Mr. Chairman, I can assure you that the President and the Secretary of State view with utmost seriousness these aspects of Syrian policy. Our policy is designed to influence Syrian policy, to the extent that it is possible for the United States to do so, and we believe it is the correct approach. We think our policy has had an impact on Syria. I should also reiterate that we have no evidence of direct Syrian involvement in terrorist acts since 1986, in contrast to some other states designated as sponsors of terrorism such as Iran, Iraq, and Libya. Syria has used its influence from time to time to restrain Hizballah rocket attacks across the Israeli border. For example, as a result of Secretary Christopher's diplomacy in April, Syria persuaded the Hizballah to cease firing Katyusha rockets across the Lebanese border into Israel. The Syrian government has also demonstrated that it can use its influence to deter Palestinian rejectionist groups resident in Syria to avoid acts of international terrorism outside Israel and the West Bank and Gaza.
However, Syria will remain on our list of state sponsors of terrorism until it brings to an end all support for terrorist organizations, which I have described. We have repeatedly made this clear in our diplomatic contacts with Syria, including those at the highest levels.
In addition to our diplomatic efforts we have worked to change Syrian policy by other means as well. We have adopted a series of stringent economic sanctions that flow from Syria's inclusion on the terrorism list. Most of them are triggered by the Anti-Terrorism and Arms Export Control Act of 1989, which consolidated many of the previously enacted counterterrorism sanctions in legislation.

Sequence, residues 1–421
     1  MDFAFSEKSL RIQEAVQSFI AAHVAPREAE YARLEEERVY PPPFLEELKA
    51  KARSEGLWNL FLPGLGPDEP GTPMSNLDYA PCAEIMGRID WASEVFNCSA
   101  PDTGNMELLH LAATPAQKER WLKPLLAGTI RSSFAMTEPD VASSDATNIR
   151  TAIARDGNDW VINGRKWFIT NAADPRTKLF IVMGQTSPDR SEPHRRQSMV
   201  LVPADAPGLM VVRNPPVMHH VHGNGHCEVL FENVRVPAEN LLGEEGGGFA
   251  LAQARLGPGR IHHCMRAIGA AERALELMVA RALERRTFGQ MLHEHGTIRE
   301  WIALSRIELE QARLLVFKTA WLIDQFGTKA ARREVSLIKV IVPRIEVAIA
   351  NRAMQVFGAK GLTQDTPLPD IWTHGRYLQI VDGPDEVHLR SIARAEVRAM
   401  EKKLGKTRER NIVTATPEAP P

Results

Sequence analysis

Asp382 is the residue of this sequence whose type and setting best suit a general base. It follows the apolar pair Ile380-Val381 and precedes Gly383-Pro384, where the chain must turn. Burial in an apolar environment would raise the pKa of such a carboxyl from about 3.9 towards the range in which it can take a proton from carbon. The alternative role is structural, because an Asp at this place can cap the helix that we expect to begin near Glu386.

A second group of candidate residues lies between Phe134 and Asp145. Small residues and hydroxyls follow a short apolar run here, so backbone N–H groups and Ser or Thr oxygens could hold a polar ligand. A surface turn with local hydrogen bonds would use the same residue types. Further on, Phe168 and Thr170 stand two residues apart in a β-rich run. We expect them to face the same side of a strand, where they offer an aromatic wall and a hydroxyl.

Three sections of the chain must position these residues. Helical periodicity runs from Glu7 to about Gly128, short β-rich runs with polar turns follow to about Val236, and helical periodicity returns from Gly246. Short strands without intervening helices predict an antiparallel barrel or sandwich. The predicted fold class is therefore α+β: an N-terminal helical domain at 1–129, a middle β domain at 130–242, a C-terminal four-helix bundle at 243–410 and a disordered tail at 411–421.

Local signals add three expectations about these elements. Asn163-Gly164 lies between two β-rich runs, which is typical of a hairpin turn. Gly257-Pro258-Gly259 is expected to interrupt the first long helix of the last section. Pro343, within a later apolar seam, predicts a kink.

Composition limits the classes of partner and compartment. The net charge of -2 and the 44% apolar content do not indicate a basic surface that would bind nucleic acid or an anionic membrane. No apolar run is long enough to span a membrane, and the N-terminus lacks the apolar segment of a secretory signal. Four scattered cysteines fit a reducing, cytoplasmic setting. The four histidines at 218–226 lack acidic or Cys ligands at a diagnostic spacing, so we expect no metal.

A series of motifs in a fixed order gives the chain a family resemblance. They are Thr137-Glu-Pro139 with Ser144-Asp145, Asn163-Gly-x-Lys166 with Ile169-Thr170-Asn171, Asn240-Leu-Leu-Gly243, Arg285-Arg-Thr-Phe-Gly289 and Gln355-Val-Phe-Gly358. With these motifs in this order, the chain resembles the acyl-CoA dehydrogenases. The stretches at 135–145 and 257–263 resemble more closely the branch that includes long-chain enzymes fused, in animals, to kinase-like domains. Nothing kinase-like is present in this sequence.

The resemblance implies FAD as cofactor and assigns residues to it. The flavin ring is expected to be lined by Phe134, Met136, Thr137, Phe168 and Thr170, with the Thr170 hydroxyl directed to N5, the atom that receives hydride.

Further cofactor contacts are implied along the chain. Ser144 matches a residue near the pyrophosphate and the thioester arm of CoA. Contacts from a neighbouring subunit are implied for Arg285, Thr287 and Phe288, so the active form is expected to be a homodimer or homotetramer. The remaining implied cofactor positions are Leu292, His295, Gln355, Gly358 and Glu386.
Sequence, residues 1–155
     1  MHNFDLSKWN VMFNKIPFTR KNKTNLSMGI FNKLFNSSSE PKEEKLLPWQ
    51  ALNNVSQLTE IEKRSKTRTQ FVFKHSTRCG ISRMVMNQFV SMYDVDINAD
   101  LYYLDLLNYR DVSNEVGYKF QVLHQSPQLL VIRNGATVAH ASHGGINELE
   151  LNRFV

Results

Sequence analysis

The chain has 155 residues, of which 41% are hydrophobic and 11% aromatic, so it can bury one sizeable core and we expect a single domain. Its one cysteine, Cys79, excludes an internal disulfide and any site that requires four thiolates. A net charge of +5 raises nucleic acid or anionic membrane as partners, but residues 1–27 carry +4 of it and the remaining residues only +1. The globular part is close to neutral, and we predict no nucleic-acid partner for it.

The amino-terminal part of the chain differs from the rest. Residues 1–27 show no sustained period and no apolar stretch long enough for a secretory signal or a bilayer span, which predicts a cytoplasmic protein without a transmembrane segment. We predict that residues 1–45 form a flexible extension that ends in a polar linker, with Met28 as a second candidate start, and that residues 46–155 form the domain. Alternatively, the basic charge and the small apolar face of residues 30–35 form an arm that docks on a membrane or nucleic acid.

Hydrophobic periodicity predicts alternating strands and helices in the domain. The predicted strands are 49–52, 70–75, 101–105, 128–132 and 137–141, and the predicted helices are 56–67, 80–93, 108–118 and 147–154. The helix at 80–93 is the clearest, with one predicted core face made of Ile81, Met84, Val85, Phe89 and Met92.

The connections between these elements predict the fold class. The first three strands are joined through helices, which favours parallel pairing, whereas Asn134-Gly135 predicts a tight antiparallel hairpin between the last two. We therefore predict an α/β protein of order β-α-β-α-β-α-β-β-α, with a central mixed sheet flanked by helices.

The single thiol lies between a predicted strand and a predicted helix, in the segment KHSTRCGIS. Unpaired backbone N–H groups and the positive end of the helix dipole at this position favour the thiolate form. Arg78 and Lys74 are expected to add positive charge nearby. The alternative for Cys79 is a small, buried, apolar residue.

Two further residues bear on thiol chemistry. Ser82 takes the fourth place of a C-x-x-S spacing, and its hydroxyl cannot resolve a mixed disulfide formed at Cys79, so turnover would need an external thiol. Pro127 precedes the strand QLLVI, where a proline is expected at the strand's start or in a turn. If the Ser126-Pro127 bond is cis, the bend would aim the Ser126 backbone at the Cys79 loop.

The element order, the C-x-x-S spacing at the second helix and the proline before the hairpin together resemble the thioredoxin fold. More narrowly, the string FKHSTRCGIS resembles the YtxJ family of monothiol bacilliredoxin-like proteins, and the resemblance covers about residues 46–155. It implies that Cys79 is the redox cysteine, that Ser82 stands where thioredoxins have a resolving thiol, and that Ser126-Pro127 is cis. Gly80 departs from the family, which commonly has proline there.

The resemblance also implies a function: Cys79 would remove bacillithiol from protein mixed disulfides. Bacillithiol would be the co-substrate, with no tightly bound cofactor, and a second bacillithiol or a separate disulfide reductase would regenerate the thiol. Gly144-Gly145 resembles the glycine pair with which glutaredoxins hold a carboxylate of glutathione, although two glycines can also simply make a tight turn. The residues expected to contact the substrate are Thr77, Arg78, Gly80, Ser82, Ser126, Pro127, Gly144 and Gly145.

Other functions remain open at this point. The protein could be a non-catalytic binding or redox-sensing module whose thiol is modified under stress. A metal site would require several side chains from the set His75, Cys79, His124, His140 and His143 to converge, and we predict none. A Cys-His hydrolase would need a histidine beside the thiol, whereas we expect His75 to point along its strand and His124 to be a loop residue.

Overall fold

The basic features of the sanctions are: prohibitions of U.S. economic assistance and military sales, controls on dual-use equipment which could support terrorism or military activities, and prohibitions on U.S. Government support for multilateral economic assistance.
These sanctions will continue to apply to Syria until it ends its support for terrorist groups and is no longer designated as a state sponsor of terrorism. As you know from the statutes that this Committee helped draft, a country cannot be removed from the terrorism list without meeting certain requirements, including a Presidential determination and 45 days advance notification to Congress.
The U.S. Government's policy opposing Syria's support for terrorism has been constant. It has been reiterated publicly. And President Clinton, Secretary Christopher and other U.S. officials have emphasized to Syria the seriousness of this problem in U.S.-Syrian relations. We have made clear our view that the terrorist groups which are allowed to operate within Syria and parts of Lebanon under Syrian influence are a threat to Syria's neighbors, to the peace process, and to the stability of the region.
In recent years, the great majority of the nations of the world have joined an international consensus that terrorism, whatever its motive, is an unacceptable tool of politics. The opposition to terrorism by most governments of the Middle East who recognize that it is a threat to their societies, as well as to the region, has added strength and impetus to the Middle East Peace Process. Syria is a strategically-located state with the potential for positive participation in the Middle East, and it has been an important participant in the peace process. We have urged Syria to join its neighbors and the rest of the international community in opposing all forms of terrorism, and to change its policies accordingly.